With 10 days to go before the election for Maine’s next governor, the race is going down to the wire with no clear leader in a field of four that includes a Democrat, a Republican and two independents.
And it’s a race that has been largely marked by decorum and lack of controversy – a significant difference from the past two election cycles when the more bombastic Gov. Paul LePage ran for office.
“It’s a sedate race,” said University of Southern Maine political science professor Ron Schmidt. “It’s possible that they’re operating under a sense that Maine voters are suffering from a bit of bombast fatigue, with LePage and President Trump, and aren’t ready for another side show. This campaign feels a little more typical for Maine than a LePage campaign.”
The most recent and only widely disseminated poll was released Oct. 22 by Pan Atlantic Research of Portland and the Bangor Daily News. It gave Democrat Janet Mills a nearly 10-point lead over Republican Shawn Moody, with independent Terry Hayes at 7.9 percent and independent Alan Caron at 2.3 percent. However, the sample was taken in early October, with a margin of error of 4.4 percent.
National political prognosticators do not give Mills a clear path to the Blaine House. Both fivethirtyeight.com and Real Clear Politics predict a voting electorate leaning Democrat. But the Cook Political Report and Governing magazine both say the race is a tossup.
“I don’t put a lot of credence in polls,” said Mills, who spoke to the York Rotary Club on Friday morning. The Pan Atlantic poll information is now nearly a month old, she said, and doesn’t have a lot of relevance to this moment. “I can tell you I’m working my tail off. The stakes are just too high for me not to give this my every waking moment.”
But Schmidt said the Pan Atlantic poll should have “sent a shiver down the spine” of the Mills campaign – because again, an independent could play a significant factor in a gubernatorial race. In 2008 and 2012, Gov. LePage was elected with less than 50 percent of the vote in a three-way race involving a Democrat and an independent.
“I think Democrat-leaning independents who feel comfortable voting for a third party candidate might say, ‘Oh, Mills is going to win. I can cast my ballot for the independent,’” Schmidt said.
Hayes’ campaign claims she is seeping votes from Moody, as Republicans question whether he can win. Campaign manager Kyle Bailey said there is no path to victory for the Republican, adding “GOP party insiders in Augusta must be looking at the same internal polling numbers as our campaign. Support for Terry is ticking up while Moody’s numbers are trending downward.”
But UMaine political science professor Mark Brewer said he’s not buying the logic. He agrees with Schmidt that independents have traditionally siphoned votes from the Democrat. “I don’t think there’s any doubt that Terry benefits Shawn Moody. I don’t think it gives him the edge, but it’s a positive for him.”
Schmidt agrees. “People who are Republican generally vote a straight ticket. Even centrist Republicans under LePage still voted for LePage.”
Ted O’Meara ran the campaign for independent Eliot Cutler in 2008 and 2012. He said he’s steered clear of involvement in this election, but said Hayes is no doubt hearing what Cutler heard – people who are calling her a spoiler.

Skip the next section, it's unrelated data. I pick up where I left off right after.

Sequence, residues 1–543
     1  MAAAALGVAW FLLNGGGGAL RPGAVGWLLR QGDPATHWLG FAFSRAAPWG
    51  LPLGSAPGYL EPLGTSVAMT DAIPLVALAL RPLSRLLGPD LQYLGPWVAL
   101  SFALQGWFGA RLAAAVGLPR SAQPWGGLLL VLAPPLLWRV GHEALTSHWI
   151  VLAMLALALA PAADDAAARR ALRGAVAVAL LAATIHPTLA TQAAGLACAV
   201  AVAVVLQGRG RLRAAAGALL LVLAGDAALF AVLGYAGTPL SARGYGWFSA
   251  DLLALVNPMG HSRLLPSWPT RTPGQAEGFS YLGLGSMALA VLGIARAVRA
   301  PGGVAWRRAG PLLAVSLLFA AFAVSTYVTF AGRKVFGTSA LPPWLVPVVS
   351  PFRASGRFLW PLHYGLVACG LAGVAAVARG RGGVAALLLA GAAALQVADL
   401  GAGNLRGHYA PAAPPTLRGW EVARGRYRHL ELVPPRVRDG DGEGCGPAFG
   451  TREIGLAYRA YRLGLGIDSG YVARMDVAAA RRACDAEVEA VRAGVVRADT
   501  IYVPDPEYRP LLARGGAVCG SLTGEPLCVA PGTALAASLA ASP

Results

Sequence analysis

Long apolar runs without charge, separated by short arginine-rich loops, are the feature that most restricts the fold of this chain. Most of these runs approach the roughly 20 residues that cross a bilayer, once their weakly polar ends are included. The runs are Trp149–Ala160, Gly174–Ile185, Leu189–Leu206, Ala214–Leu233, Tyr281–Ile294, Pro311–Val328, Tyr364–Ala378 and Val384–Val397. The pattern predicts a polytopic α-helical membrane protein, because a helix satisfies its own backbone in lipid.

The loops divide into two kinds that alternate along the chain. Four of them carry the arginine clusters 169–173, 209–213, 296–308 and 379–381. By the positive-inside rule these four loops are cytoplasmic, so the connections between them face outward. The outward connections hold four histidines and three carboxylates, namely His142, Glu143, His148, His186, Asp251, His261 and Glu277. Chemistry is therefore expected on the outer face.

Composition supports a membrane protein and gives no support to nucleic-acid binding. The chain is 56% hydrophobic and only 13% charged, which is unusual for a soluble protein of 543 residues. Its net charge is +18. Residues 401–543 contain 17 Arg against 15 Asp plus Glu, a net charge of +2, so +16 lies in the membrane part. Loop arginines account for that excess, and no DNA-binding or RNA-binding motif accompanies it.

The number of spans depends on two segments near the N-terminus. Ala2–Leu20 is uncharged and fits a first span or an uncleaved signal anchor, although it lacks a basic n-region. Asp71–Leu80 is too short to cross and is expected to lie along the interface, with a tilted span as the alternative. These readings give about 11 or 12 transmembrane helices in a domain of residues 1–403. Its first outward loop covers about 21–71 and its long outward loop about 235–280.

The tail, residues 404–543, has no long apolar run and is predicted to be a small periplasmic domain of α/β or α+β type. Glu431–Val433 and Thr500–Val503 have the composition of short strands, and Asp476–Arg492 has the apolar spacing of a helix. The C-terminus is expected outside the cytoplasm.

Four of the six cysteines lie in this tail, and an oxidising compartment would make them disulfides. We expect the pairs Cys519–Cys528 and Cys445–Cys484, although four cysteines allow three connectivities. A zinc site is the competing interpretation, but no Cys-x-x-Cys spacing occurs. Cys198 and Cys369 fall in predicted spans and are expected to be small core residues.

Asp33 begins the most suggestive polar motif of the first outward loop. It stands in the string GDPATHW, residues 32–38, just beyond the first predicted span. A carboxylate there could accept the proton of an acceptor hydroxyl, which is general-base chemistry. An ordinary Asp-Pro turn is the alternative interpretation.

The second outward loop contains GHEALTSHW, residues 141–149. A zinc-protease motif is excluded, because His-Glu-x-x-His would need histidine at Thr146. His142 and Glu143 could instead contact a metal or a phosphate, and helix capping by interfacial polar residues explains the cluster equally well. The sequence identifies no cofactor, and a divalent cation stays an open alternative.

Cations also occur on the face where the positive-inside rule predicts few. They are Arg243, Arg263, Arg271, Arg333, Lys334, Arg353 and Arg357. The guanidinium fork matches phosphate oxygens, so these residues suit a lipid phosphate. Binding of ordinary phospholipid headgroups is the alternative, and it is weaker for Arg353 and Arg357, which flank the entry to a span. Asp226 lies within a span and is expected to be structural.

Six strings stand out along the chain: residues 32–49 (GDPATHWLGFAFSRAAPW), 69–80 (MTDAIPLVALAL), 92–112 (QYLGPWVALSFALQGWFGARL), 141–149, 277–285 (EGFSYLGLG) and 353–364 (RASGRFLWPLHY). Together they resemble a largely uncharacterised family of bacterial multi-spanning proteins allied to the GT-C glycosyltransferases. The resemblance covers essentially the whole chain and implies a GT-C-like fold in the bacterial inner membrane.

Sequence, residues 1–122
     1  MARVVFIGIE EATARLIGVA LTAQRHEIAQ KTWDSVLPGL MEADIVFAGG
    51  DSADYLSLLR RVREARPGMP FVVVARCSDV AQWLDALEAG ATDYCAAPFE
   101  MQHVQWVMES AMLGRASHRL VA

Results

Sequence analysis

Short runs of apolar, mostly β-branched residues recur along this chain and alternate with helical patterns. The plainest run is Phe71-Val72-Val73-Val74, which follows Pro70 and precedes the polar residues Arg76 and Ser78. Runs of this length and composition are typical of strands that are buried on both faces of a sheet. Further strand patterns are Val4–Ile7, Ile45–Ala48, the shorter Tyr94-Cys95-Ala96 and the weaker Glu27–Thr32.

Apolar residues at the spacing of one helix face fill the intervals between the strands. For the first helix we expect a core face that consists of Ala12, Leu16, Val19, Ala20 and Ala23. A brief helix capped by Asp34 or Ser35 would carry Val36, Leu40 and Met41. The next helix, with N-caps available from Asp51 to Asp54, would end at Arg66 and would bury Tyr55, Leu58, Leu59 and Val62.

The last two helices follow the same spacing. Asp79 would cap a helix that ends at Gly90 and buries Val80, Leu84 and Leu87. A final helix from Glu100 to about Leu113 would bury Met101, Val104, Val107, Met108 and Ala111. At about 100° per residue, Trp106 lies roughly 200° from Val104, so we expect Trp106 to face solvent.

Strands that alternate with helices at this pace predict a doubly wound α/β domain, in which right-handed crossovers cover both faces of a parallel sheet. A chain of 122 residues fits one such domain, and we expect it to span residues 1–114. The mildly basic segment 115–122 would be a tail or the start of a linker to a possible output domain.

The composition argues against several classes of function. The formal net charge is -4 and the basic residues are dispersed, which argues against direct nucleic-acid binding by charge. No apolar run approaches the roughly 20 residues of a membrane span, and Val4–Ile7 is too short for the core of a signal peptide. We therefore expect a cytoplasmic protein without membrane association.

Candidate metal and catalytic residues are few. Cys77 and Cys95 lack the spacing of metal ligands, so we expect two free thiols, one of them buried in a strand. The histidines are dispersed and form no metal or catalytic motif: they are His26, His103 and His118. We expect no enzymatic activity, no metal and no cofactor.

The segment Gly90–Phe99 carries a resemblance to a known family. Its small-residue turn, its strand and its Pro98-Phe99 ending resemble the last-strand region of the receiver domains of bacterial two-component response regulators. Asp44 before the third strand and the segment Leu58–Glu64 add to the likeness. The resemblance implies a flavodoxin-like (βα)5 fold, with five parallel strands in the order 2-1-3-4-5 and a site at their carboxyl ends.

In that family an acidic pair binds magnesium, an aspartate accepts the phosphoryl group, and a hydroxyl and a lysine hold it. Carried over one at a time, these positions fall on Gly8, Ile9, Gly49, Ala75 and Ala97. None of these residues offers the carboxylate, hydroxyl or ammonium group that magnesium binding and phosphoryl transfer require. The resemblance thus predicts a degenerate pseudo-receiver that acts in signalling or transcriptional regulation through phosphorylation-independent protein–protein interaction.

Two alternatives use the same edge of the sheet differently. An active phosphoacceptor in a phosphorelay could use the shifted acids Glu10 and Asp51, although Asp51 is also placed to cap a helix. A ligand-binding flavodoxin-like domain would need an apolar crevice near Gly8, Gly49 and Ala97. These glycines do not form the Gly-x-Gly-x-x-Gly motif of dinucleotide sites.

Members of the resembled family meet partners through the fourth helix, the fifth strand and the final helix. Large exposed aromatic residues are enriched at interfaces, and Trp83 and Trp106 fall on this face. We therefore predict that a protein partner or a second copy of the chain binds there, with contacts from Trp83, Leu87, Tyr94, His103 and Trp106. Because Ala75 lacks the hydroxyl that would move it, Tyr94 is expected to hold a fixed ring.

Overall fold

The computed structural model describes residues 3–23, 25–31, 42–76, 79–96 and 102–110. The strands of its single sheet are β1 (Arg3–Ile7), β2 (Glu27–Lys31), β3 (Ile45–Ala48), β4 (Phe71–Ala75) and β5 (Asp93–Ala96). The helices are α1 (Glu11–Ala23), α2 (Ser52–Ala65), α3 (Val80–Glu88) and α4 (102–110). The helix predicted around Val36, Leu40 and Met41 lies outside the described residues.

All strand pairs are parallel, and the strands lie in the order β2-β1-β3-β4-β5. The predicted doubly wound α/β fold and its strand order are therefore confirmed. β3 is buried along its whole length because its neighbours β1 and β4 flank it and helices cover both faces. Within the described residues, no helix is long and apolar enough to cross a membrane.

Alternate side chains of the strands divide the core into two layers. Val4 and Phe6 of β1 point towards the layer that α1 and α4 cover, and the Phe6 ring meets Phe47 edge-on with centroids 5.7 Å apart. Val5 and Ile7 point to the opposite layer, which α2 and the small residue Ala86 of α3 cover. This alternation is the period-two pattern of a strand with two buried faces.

“We were under so much pressure both times to get out,” he said. “It’s difficult to listen to people say you’re going to be a spoiler. The good thing about this campaign season for me is the absence of this obsession with polling. It’s given the candidates a chance to talk about who they are. It’s a really positive thing. In the past two cycles, there was an obsession in trying to predict the race.”
Candidate campaign ads mirror the campaigns themselves – “Chill,” said Brewer. Part of the reason, he believes, is the personalities of the candidates themselves. While Moody, for instance, may continue some of LePage’s policies, “my understanding is that he’s genuinely a nice guy. So he’ll continue the policies without acting like LePage.”
Further, said Brewer, “regardless of how far we think we’ve come, there is a gender component. Some voters act differently if it’s an aggressive female. Look at the criticism directed at Hillary Clinton. I suspect Mills’ campaign knows that and has taken it into consideration.”
While the campaigns have been sedate, there's been a plethora of negative ads in particular against Moody and Mills – paid for by outside political action committees. According to campaign finance reports, groups such as Act Blue Maine, A Better Maine, Maine Conservation Action Fund, Maine Conservative Voters Action Fund have joined Democratic and Republican parties and campaigns to raise millions of dollars for advocacy.
“That’s the most discouraging part of what is happening to our system,” O’Meara said. “It used to be candidates running against candidates. Now there are these multi-headed monsters that spend more than all the candidates combined.”
“Candidates like to keep their hands clean,” Brewer said. “It’s (standard operating procedure) these days to have the attack ads coming from outside groups.”
“You have to expect that somebody is going to be running negative ads, and there’s always a risk that voters will find you distasteful,” Schmidt said. “If you have a solid base, you can do that. But given this race, these candidates may be more cautious.”